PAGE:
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Video art now through the lens of then

Urszula Dawkins, Channels Video Art Festival

Benjamin Ducroz, cumulo, installation Benjamin Ducroz, cumulo, installation
photos Eugenia Lim
For an ‘inaugural’ artist-led festival based around a relatively young art form, the Channels video art festival was weighty: a packed four-day program including close to 100 artists, curators and speakers; a level of curatorial and critical engagement that significantly amplified the impact of the work itself; and not least, a substantial printed catalogue that ably focused ideas, themes and relationships across the program.

Encompassing gallery-based installation, projections, online broadcast, a voluminous screening program and public talks, Channels’ central question was, say co-directors Rachel Feery, Eugenia Lim and Jessie Scott, “What is video art now?” Sounds simple, even simplistic—but one of the many impressive things about Channels was its genuine consideration of the question: its showcasing of contemporary video work with reference to the history of the form and a conscious engagement with the ubiquitous ‘now’ of mass-media video immersion.

Ms&Mr, Amputee of the Neurotic Future 1988/2012, installation Ms&Mr, Amputee of the Neurotic Future 1988/2012, installation
photo Eugenia Lim

Transformer, at Screen Space, was the exhibition for Channels, featuring works commissioned from Ms&Mr (aka Australian-Canadian duo Stephanie and Richard nova Milne) and Melbourne-based Benjamin Ducroz. In Ducroz’ cumulo, piles of roiling Pilbara storm clouds dissolve into the incremental movements of a hand-cranked, helical kinetic sculpture. Both phenomena are filmed in stop motion, in the landscape; but while the sped-up movement of the clouds is familiar thanks to its TV-doco ubiquity, the brightly coloured sculpture, stark in the middle of the desert, is surreal, seeming almost to be superimposed. Shifting between romanticism and deconstructivism, cumulo is projected onto a tall, trapezoidal screen at the gallery entrance accompanied by a soundtrack of ambient, insecty, subtle, sometimes ominous tones. The sublime vision of clouds—creamy, silver-lined or darkly grey—prefigured the misty pines and crumbling glaciers of some of the more meditative works in Channels’ Video Visions screening program. At the same time, the stepped structure and block colours of the moving model insist on time’s breakdown into increments, dancing with the origins of time-based photography. If it weren’t for Ducroz’ process work in the nearby foyer, where the sculpture is seen ‘on set’ in the desert, the quasi-scientific, twirling helix could easily be read as a 3D animation. In a sense, romantic ‘truth’ meets disbelief in cumulo.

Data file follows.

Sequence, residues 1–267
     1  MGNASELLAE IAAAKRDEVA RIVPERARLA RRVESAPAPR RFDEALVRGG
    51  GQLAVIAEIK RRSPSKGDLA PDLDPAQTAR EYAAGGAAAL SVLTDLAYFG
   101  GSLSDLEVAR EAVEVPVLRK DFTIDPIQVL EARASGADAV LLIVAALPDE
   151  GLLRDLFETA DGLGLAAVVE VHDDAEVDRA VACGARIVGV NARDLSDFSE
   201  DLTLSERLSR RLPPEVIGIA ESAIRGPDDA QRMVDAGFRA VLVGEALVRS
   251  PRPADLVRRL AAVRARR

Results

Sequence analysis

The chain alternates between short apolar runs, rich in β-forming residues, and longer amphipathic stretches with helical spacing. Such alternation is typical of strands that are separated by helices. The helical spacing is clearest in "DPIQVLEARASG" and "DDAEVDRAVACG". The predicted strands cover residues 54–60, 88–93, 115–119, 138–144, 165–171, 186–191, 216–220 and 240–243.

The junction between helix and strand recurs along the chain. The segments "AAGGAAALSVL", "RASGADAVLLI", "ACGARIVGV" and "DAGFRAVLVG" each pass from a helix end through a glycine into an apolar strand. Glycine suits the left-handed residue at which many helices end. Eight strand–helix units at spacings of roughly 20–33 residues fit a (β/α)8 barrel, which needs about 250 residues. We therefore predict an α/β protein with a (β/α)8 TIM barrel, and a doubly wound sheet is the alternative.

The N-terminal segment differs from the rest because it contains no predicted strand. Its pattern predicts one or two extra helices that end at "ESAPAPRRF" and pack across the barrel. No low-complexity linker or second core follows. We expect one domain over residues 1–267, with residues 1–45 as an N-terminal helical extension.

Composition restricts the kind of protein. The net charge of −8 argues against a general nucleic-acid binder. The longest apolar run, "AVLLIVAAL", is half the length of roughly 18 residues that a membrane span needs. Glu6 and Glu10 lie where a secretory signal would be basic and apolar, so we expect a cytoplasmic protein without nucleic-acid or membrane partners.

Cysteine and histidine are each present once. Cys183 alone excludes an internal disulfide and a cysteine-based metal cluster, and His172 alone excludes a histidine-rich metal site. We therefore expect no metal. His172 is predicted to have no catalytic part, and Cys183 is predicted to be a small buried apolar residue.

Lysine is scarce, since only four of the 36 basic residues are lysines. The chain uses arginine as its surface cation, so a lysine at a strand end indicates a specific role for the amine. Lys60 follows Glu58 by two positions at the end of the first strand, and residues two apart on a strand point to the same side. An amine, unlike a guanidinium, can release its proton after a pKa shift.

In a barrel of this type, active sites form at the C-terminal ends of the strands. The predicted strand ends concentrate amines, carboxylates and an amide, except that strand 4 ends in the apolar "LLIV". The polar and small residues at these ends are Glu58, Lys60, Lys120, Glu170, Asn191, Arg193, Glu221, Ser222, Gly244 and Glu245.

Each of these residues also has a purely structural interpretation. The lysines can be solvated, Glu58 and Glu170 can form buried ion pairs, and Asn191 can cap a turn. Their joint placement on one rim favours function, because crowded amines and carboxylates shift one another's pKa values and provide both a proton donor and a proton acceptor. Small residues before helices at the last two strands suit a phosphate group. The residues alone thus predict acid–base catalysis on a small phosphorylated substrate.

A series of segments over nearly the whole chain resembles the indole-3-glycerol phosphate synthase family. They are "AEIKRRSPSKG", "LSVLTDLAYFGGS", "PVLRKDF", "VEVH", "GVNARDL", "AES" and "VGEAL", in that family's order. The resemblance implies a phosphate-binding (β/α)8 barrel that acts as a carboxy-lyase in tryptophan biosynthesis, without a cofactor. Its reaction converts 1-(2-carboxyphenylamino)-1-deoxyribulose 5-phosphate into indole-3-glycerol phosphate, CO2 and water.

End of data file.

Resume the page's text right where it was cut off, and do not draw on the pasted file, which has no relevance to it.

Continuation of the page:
A warping, monotonal drone is the backdrop for Ms&Mr’s three-channel work, Amputee of the Neurotic Future 1988/2012, part of their ongoing Videodromes for the Alone series. A distressed and silently howling prepubescent boy is protagonist in a fractured world of film and 3D animation, surrounded by symbolic props—a crashed and sinking car, a hospital gown apparently animated from within, a CAD-drawn checkered floor, an uncannily defocused bunch of flowers. With references to both J G Ballard and David Cronenberg, the mood is dystopian, painful and alienated, but washed out by blood-red monochrome into a kind of emotionless absence: an escape from horrifying realities that itself becomes horrifying.


The main screening program, Video Visions, provided an astonishingly broad survey of current video art from Australian and international artists over two intensive sessions on one night. Loosely themed into four sections—Sensory Drive, Media Mash-Ups, Constructed Worlds and Bodies Collide—Video Visions included dozens of short works; the choice to include an interval in each session created just the right breathing space.